Tagged: summary

Reflective summary

This project has been an interesting challenge. We were purposely ambitious with our aspirations and pushed ourselves to try and create a product that we were proud of. I have gained several valuable skills throughout, covering each of the learning outcomes I wanted to achieve.

Beginning with market research really helped give an idea of what competing products offer, what customer base they are aiming for and highlighted gaps in the market. We noted that while there are a plethora of high-quality drum suites available, many of them such as Superior Drummer and Slate Drums cater to hi-fi productions. While these plugins contain samples recorded in some of the best studios in the world with world-class microphones and hardware, when trying to create a more lo-fi, gritty sound often found in punk, extreme metal and various other genres, it can feel out of place contrasting super polished high-quality drum recordings with the rest of the mix. One of the few competitors that offers something similar to what we wanted to create is Ugritone’s KVLT drums and while this serves a similar audience as our own, we wanted to make our own take on this. It would have been useful to conduct some primary customer research to inform our feature set, unfortunately, due to time constraints this was not achieved. We referred to various articles and forum discussions to gain an idea of peoples opinions of competitors as well as what features are desired, however creating a survey or offering up our Kontakt instrument for testing as an open beta would have been valuable in the development.

The most challenging aspect of the project was the creation of the Kontakt instrument itself. Recording the drums and editing the samples was relatively straightforward as I have previous experience recording drums and collating sample libraries. Importing the samples into Kontakt and assigning them to the keyboard was somewhat challenging as we had multi-sampled each instrument, meaning we had to assign velocity ranges to each sample on each instrument. This was time-consuming but not too difficult. The real challenge lay in the coding of the GUI. This required me to learn how to use Kontakt’s proprietary language, KSP, in order to create a working user interface. This by far was the hardest part of the project. With limited previous coding experience, there were many teething pains getting to grips with how KSP operated. In addition, being a very niche language, resources online were somewhat limited and much of what was available assumed a far higher level of knowledge than I possess. If I were to approach this again, time spent learning core concepts of scripting in general as well as practising with KSP before undertaking the project proper would have been immensely valuable.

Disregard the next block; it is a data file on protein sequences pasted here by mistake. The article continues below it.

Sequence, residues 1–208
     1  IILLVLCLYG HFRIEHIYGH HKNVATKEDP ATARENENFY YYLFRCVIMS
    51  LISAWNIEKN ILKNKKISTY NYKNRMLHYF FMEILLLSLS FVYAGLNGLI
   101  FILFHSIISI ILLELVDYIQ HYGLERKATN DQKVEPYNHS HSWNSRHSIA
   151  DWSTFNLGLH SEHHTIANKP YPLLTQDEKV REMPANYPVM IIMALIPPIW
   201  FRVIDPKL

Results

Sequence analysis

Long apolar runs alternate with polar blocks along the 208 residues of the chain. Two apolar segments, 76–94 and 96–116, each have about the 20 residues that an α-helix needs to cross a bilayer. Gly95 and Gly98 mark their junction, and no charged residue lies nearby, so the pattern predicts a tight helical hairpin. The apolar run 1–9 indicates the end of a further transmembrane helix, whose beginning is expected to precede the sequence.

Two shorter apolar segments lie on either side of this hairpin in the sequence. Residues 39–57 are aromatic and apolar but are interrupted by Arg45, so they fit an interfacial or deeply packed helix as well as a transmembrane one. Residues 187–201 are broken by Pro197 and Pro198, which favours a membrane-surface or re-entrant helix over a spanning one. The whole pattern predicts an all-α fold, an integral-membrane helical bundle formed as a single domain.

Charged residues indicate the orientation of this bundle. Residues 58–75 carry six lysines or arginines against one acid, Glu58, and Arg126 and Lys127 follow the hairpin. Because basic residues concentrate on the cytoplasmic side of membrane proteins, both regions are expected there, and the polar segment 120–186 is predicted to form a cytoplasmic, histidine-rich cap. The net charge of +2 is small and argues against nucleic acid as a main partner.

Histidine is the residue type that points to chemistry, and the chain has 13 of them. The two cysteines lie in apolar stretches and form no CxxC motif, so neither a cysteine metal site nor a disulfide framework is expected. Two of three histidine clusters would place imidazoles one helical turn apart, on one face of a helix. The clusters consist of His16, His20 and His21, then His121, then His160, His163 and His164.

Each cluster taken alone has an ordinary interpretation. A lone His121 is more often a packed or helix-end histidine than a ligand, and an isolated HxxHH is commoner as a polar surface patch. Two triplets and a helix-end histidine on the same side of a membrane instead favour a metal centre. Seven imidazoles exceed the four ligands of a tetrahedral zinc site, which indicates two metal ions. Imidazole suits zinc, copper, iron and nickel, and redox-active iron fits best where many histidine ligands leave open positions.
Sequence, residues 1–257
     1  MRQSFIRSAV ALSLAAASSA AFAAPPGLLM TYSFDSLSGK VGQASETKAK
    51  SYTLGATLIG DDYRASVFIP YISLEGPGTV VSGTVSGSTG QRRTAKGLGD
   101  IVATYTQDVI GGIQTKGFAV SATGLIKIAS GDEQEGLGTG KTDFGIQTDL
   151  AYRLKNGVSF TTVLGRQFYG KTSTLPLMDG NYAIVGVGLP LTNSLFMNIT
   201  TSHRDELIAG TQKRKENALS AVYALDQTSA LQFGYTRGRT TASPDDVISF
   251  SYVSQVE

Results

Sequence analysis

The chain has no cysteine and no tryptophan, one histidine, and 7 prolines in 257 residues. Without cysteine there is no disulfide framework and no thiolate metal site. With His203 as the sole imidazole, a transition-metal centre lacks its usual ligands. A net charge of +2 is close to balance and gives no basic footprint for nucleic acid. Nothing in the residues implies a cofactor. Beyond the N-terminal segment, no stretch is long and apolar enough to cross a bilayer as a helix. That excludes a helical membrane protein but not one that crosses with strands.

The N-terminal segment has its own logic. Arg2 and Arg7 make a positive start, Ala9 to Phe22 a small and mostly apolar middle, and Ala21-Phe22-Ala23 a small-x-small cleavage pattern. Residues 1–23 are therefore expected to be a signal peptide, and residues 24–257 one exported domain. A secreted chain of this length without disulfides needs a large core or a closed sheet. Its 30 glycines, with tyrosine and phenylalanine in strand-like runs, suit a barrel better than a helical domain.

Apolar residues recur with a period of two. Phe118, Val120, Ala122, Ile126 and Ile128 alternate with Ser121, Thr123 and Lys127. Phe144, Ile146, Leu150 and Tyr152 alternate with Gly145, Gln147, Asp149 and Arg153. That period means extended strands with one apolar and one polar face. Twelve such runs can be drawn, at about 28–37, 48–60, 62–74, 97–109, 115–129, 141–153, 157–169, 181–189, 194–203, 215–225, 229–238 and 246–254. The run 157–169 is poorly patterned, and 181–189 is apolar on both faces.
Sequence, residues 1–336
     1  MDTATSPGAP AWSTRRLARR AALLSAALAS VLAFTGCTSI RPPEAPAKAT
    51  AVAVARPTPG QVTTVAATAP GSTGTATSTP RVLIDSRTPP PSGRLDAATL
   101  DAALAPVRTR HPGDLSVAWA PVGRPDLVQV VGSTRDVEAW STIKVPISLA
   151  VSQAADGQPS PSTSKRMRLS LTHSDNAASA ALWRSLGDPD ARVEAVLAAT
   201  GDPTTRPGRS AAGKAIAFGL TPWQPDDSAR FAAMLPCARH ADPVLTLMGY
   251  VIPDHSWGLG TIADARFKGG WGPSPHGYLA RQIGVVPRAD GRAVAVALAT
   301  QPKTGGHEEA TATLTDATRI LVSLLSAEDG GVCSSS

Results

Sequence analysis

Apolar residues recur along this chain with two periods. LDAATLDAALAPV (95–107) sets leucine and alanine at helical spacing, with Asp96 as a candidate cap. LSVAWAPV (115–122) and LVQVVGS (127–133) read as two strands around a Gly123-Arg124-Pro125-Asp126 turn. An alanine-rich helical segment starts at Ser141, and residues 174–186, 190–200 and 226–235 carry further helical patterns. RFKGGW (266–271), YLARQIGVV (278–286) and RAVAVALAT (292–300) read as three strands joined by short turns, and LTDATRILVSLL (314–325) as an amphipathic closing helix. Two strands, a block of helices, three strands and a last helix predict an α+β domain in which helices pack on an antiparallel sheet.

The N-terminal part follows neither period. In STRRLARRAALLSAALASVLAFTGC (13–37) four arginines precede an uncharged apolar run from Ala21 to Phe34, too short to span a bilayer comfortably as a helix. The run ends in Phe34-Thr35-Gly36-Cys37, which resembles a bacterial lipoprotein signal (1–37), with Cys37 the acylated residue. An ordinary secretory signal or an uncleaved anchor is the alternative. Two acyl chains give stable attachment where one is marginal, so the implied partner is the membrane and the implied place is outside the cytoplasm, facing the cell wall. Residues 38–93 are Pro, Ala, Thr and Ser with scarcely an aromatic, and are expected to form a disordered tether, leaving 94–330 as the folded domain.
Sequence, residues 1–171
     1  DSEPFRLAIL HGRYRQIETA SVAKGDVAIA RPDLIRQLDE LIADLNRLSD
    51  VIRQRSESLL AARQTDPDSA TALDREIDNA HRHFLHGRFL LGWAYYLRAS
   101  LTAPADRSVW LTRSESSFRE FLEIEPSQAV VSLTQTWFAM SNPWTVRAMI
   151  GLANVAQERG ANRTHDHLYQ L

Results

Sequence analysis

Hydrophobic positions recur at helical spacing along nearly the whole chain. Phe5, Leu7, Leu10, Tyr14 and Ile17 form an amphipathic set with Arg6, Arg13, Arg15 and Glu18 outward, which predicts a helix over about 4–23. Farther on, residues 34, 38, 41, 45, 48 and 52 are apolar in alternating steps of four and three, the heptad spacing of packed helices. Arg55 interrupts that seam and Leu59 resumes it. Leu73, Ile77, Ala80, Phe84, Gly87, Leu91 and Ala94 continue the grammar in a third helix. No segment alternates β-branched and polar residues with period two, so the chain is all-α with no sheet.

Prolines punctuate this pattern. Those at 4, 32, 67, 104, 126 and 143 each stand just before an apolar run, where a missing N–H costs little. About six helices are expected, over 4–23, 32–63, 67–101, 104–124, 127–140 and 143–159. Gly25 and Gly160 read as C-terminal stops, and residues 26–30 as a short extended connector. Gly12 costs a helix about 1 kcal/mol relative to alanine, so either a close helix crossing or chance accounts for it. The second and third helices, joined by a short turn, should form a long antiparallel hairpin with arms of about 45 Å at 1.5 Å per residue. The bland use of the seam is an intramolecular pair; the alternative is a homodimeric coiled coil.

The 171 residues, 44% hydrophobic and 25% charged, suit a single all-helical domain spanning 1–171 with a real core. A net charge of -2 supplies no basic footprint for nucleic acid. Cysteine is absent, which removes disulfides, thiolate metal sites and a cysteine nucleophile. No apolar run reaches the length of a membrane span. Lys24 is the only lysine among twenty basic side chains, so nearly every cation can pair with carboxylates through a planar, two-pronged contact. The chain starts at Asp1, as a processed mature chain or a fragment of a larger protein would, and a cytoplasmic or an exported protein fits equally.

Despite these difficulties, I feel I have gained a solid basic knowledge of how the backend of Kontakt operates and feel that with further practice and research I will be able to implement all our desired features. When planning our project we set out a large set of desired features we wanted to implement. When doing this we organised these by those we wished to have in a working proof of concept and those that would be reserved for future implementation. In hindsight, while this was good foresight of the complexity of development, it would have perhaps been pertinent to aim for an even more restricted feature set for our initial prototype. with further research, it became apparent that some of the key features we wanted such as assignable multi-channel outputs and individual bleed controls for each mic would be far more complex to implement than initially thought. To manage this we further limited our initial feature set to the absolute bare minimum. We created 4 separate groups: kick, snare, toms and cymbals which had volume faders assigned, allowing a basic mix to be created. In addition, we added a global reverb. In later versions, we would like to have reverb assignable to each individual track, but the current state allows the user to use the sample library in their DAW of choice with limited functionality.

With regards to difficulties I had during the coding process, it would have perhaps been better to use a different platform for our sample library like Max For Live. I have some familiarity with Max and the visual aspects of its workflow make it easier to organise the plugin. The main drawback to this and the reason we decided to use Kontakt is Max would make it Ableton exclusive and we wanted it to be useable by as many people as possible.

Project management skills were key to the success of this project and as a whole, I feel I was successful in the management of this. I booked the studio for recording well in advance, allowing us plenty of time to focus on the development side of the project. Working to a deadline meant that decisions had to be made in regards to what features we wished to keep. While this deadline meant we couldn’t submit a product with as much functionality as we had hoped I feel this experience has given me an important insight into the prioritisation of different aspects when undertaking a project as well as being analytical and using previous research to inform decisions that were made.

To conclude, I feel that while several challenges were presented to us during the course of this project I feel that we have been successful in what we set out to achieve. With a clear roadmap of future features and a solid base to work on, this project could potentially become a fully fleshed out drum suite with a wide range of user customisation. I will be continuing with the development of this as it will be a valuable resource for learning as well as an important professional skill. Additionally I feel the research and management skills I have gained will be immensely important going forward with my professional development.